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Maverick
Maverick, Attorney
Category: Personal Injury Law
Satisfied Customers: 5800
Experience:  20 years professional experience
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I am a private investigator in NC and have a case whereas my

Customer Question

I am a private investigator in NC and have a case whereas my clients wife was a nurse at a practice with whom my client was also his patient and his wife was this doctors nurse. In 2012 my client confronted the doctor and his wife. Shortly thereafter my clients wife was assigned to a different doctor but the affair continued. The wife came home advised my client Dr. S would no longer see him as a patient and he was getting a different doctor in the practice. Noone from that family internal medicine office talked with my client at all about changing him to another positon. The doctor in question performed a complete physical prior to the comfrontation. My client subsequently had a physical with his new doctor assigned. WE now know that affair continued in that office for two more years. The doctor has since left and gone to a specialty practice and my wife has left that practice also. My client has now left that practice as a patient as he is so embarrassed and humiliated. My client believes the practice should be held accountable. He is now seeing a psychologist and is so stressed he is on anti depressant meds. I believe there is a privacy violation as well as hippa. What grounds do you think he has in filing a lawsuit against the practice? Thanks Pat
Submitted: 1 year ago.
Category: Personal Injury Law
Expert:  khagihara replied 1 year ago.

I don't think there is a reason he will file a lawsuit. Lawsuit is not appropriate.

Expert:  Maverick replied 1 year ago.

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1. Need some clarification please. Can you identify each person you are talking about as follows:

I am the PI = Person A

My client = Person B

etc...

This will allow us to better understand your question and then assist you. Thank you.

Customer: replied 1 year ago.

Really.........that a doctor that owned an office with several others would not have a hippa/privacy violation within that practice? How so and I see you are personal injury....what do you know about privacy violations?

Customer: replied 1 year ago.

Really.........that a doctor that owned an office with several others would not have a hippa/privacy violation within that practice? How so and I see you are personal injury....what do you know about privacy violations?

I am the PI inquring.

Client is the patient of the doctor in question as well as the nurse for this doctor is my clients wife. He performed a physical on my client as a doctor/patient relationship while having a sexual relationship with his nurse my clients wife.

Expert:  Maverick replied 1 year ago.

Pat:

Okay that helps....this is what I understand:

Your client is the patient of the doctor

Your client's wife is a nurse that works for the doctor

The doctor had a sexual relationship with the nurse/wife

Q1. I believe there is a privacy violation as well as hippa.

As far as HIPAA violations go, you can report the matter to OCR for prosecution. See this link. You would need facts that would establish something along these lines for what you have described:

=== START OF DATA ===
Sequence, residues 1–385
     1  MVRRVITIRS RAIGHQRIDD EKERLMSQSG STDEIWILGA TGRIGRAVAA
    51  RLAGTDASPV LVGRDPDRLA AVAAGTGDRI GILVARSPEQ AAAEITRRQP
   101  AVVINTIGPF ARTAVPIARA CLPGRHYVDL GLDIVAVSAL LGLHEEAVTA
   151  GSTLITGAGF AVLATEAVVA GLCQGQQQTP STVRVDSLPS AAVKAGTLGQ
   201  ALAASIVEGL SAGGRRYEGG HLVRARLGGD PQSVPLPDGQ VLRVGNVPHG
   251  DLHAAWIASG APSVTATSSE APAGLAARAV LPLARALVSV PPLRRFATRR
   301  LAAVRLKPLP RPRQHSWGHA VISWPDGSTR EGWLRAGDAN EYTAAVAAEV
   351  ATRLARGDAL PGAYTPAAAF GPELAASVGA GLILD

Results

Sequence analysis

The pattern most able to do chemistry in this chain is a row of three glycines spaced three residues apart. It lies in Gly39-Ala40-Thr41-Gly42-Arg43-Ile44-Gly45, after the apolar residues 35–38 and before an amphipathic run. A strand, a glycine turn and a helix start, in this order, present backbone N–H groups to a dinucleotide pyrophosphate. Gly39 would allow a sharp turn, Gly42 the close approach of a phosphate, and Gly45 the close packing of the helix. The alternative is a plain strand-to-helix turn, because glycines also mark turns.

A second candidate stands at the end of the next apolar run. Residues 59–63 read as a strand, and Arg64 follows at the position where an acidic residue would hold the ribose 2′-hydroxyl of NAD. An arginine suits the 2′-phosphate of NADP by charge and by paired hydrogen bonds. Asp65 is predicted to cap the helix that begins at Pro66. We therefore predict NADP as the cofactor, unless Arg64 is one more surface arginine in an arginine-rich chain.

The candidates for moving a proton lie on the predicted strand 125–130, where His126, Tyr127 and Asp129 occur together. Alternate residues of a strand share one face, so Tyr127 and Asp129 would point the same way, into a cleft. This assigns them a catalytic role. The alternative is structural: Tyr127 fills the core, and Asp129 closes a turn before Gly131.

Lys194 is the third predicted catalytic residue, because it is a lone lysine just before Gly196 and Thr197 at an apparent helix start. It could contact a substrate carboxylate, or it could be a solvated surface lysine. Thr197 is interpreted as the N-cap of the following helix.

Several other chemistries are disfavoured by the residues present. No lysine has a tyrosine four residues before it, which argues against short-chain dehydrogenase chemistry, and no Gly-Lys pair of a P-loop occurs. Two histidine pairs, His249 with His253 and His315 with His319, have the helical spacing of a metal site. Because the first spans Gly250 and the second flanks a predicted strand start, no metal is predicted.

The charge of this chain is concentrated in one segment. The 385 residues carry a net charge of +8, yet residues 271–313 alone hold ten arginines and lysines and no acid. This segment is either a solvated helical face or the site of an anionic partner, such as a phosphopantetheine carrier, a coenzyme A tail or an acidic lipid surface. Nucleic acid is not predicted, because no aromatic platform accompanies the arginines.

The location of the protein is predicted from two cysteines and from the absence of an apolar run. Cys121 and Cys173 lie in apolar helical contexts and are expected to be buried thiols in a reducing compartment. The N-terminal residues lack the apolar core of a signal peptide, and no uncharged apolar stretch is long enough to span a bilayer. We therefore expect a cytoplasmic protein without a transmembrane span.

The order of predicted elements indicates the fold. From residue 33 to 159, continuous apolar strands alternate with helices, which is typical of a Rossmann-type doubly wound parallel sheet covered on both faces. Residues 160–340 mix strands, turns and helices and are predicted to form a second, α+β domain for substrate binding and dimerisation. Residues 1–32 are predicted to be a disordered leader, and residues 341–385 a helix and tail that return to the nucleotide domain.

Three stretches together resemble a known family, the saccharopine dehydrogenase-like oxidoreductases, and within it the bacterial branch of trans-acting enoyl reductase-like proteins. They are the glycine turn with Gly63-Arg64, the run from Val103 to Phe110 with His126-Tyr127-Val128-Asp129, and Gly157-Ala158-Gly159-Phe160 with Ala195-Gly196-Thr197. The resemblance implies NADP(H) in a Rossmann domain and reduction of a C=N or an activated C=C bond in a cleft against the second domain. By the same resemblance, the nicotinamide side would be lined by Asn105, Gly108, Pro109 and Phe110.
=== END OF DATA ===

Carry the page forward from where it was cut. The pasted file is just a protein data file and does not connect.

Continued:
1. Releasing information to an undesignated party - only the exact person listed on the authorization form may receive patient information.

2. Telling friends or relatives about patients;

3. Discussing private health information in public areas of the office;

4. Discussing private health information over the phone in a public area;

5. Not logging off your computer or a computer system that contains private health information;

6. HIPAA regulations for "need to know" include: a nurse should not have access to private health information for patients that are not in her unit.

HIPAA regulates the use, transfer, and disclosure of identifiable health information. Not sure if your client gave the doctor permission to release information to wife/nurse when filling out the HIPAA notice and release form.

Privacy violation:

To prove this he would have to show facts to support an intentional interference with your client's interest in solitude or seclusion, either as to his person or as to his private affairs. Invasion of privacy by intrusion does not depend upon any publicity given to the person whose interest is invaded or to his affairs. To be actionable, the prying or intrusion into the plaintiff’s private affairs must be of a type which is offensive to a reasonable person.

Q2. What grounds do you think he has in filing a lawsuit against the practice?

The decisions of persons closely associated with a patient sometimes may impact on the health care provided to a patient. As such, these individuals play an important role in the fiduciary relationship between a physician and his patient. Therefore, the physician should maintain the same professional boundaries as he would with a patient. Physicians should refrain from sexual relationships with a patient's spouse as is the case here. If a physician engages in this type of intimate relationship he may be found to have committed professional misconduct. Your cleint can file a complaint with your state's medical board as a first option. These types of civil cases are more actionable when a pyschiatrict is involved since the patient is seeking mental health treatment as opposed to treatment for a physical ailment. However, the following factors may come into play:

  • the length and intensity of the professional relationship;
  • the degree of emotional dependence the individual associated with the patient has on the physician; and
  • the degree to which the patient is reliant on the person closely associated with them.

So, your client may want to consider a civil breach of fiduciary duty suit against the doctor and the office.